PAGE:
Father’s Day deserves fanfare
Why is it so much easier to come up with a gift idea for Mother’s Day than Father’s Day? Why does it seem like mothers get a lot more fanfare on their special Sunday? Maybe it’s because a lot of fathers aren’t as vocal about their emotions as mothers can be.
Not all fathers are huggers. Or talkers, really. But a lot of fathers are doers. (Mothers are, too, of course.) So they end up with another power saw, another socket set, another tie to wear to the office … things that help them keep doing. Very few fathers will wake up this morning to flowers, a gift card for the spa or theater tickets, although that might be fun; because that’s not how we think of them. Most of us know our fathers as the kind of person who wouldn’t feel right spending time on himself like that.
My dad always seemed to be working on something, for someone. Mom wondered out loud one day what the living room would look like with built-in book shelves along the walls, instead of the book cases that were everywhere. Boom. Dad spent the next couple of weeks tearing up walls and turning them into bookshelves. Mom casually mentioned it might be nice to have the basement finished, in case either daughter needed to come back and have a mini-apartment at home for a while. Done. … well, OK, a year later, done.
Dads take care of the people around them, in their own ways, all the time. Mine quietly cared for his mother during her twilight years, though she lived a 45-minute drive away from us. He made sure my sister and I had the skills to be as independent as we wanted to be. He takes care of my mom in a way that, while my sister and I might occasionally roll our eyes and gag a little, is still schoolboy adorable sometimes. Of course, he works hard at his job; but never at the expense of helping out with, or just spending time with, his grandkids these days.
A lot of fathers are like that. The list could go on and on, and they wouldn’t want you mentioning any of it. They do what they do, partly because it needs to get done, partly because it is the right thing to do, and maybe just a little bit, because they are pretty sure they are the best guy for the job. Don’t ask them if they need help. If they do, they’ll ask you.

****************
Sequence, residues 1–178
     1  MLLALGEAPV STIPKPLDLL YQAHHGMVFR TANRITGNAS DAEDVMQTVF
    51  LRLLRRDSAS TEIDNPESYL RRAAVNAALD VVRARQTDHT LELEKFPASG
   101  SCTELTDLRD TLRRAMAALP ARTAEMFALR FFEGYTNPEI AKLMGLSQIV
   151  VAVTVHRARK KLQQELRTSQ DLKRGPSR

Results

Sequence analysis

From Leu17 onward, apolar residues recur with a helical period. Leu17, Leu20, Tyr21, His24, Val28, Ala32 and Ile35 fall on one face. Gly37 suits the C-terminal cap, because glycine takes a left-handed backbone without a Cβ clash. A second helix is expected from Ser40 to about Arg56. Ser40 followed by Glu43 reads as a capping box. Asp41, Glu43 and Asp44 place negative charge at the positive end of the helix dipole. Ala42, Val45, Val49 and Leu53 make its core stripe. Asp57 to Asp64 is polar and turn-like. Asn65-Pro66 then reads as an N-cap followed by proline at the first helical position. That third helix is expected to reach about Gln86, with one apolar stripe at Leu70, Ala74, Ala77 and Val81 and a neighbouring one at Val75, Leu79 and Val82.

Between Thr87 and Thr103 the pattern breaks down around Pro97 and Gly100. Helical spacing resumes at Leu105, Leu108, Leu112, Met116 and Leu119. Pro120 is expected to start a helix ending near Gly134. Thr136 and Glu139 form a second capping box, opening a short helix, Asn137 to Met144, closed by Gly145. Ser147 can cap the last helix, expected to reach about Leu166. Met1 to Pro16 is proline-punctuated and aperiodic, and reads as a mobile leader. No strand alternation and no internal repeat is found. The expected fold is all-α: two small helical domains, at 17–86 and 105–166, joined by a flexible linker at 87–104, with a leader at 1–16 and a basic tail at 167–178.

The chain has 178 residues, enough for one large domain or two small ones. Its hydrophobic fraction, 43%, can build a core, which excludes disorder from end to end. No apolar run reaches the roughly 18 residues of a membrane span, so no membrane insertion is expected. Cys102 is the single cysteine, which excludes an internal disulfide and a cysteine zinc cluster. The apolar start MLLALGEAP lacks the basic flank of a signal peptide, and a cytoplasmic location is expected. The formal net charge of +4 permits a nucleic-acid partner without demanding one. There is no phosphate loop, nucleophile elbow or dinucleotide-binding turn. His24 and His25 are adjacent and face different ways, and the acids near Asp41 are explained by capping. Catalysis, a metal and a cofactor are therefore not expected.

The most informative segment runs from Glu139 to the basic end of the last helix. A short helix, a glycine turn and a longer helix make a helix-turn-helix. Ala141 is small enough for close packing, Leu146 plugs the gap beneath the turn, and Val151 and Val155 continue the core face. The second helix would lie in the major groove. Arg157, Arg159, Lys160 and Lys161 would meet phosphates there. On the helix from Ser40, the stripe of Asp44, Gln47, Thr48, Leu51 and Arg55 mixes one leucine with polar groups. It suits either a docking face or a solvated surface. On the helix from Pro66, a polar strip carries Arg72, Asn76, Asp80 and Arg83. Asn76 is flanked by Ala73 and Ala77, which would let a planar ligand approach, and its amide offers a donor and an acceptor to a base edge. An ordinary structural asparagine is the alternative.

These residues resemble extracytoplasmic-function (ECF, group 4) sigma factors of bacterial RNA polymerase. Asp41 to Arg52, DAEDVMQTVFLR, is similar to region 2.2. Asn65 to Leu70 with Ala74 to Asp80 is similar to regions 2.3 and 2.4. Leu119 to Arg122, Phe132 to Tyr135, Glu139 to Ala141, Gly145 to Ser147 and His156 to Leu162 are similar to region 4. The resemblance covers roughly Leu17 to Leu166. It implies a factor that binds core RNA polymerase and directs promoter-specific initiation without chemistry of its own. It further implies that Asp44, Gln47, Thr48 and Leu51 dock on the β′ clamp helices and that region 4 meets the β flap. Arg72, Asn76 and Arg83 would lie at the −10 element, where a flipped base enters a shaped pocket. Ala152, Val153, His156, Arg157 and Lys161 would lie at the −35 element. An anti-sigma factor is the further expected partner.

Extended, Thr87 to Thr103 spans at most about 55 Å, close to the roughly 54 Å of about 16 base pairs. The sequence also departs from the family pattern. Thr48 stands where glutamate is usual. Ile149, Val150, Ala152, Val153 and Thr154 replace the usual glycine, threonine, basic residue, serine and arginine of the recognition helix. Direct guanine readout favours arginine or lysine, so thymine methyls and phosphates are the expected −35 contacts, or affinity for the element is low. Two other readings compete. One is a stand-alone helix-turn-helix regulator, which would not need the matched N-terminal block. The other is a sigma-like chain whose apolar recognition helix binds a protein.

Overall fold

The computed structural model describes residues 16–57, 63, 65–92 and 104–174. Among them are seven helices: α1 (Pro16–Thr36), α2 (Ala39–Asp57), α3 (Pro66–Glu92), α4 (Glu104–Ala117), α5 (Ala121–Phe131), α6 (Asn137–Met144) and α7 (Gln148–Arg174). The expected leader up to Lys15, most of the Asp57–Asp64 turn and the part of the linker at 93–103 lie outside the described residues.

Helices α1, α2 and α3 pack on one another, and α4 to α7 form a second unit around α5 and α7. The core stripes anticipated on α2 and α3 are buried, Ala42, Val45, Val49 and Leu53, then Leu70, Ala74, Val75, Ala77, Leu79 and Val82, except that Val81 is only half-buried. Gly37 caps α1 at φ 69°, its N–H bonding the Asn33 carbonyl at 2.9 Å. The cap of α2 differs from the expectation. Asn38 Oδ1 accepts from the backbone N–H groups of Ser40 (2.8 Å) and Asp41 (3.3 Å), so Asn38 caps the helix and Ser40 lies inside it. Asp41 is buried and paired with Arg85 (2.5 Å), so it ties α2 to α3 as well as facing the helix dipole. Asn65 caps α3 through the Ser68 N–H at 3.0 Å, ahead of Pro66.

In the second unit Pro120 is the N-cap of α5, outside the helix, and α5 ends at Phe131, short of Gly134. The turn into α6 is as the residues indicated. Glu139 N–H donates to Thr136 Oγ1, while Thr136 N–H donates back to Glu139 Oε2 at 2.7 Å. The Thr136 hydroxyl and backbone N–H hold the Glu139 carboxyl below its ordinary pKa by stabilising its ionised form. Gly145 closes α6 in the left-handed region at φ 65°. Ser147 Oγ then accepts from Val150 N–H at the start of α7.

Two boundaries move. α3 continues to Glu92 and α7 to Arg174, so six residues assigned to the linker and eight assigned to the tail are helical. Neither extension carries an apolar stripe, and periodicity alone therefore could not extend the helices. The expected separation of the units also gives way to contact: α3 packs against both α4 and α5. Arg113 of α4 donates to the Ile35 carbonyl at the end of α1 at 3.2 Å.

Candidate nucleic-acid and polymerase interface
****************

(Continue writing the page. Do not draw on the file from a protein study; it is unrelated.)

But especially, today, find a way to let them know how much you love and appreciate them — these men who walk around saving their own little corners of the world every day. They deserve it.
Tuesday is West Virginia Day. As I am writing this, I have no idea whether there will be a budget passed by then; or what will be going on in Charleston. But the fact remains, it is our day to celebrate the 154th birthday of Almost Heaven. Though the politics may infuriate us at times, we have to remember, especially on days like Tuesday, that the bureaucrats and politicians only THINK they make this great state what it is.
They don’t. You do.
If you love the Mountain State, brag a little bit about her today. It’s a good chance to jump in on the social media effort to share your own little reasons why this is still #AlmostHeaven.
Christina Myer is executive editor of The Parkersburg News and Sentinel. She can be reached via e-mail at firstname.lastname@example.org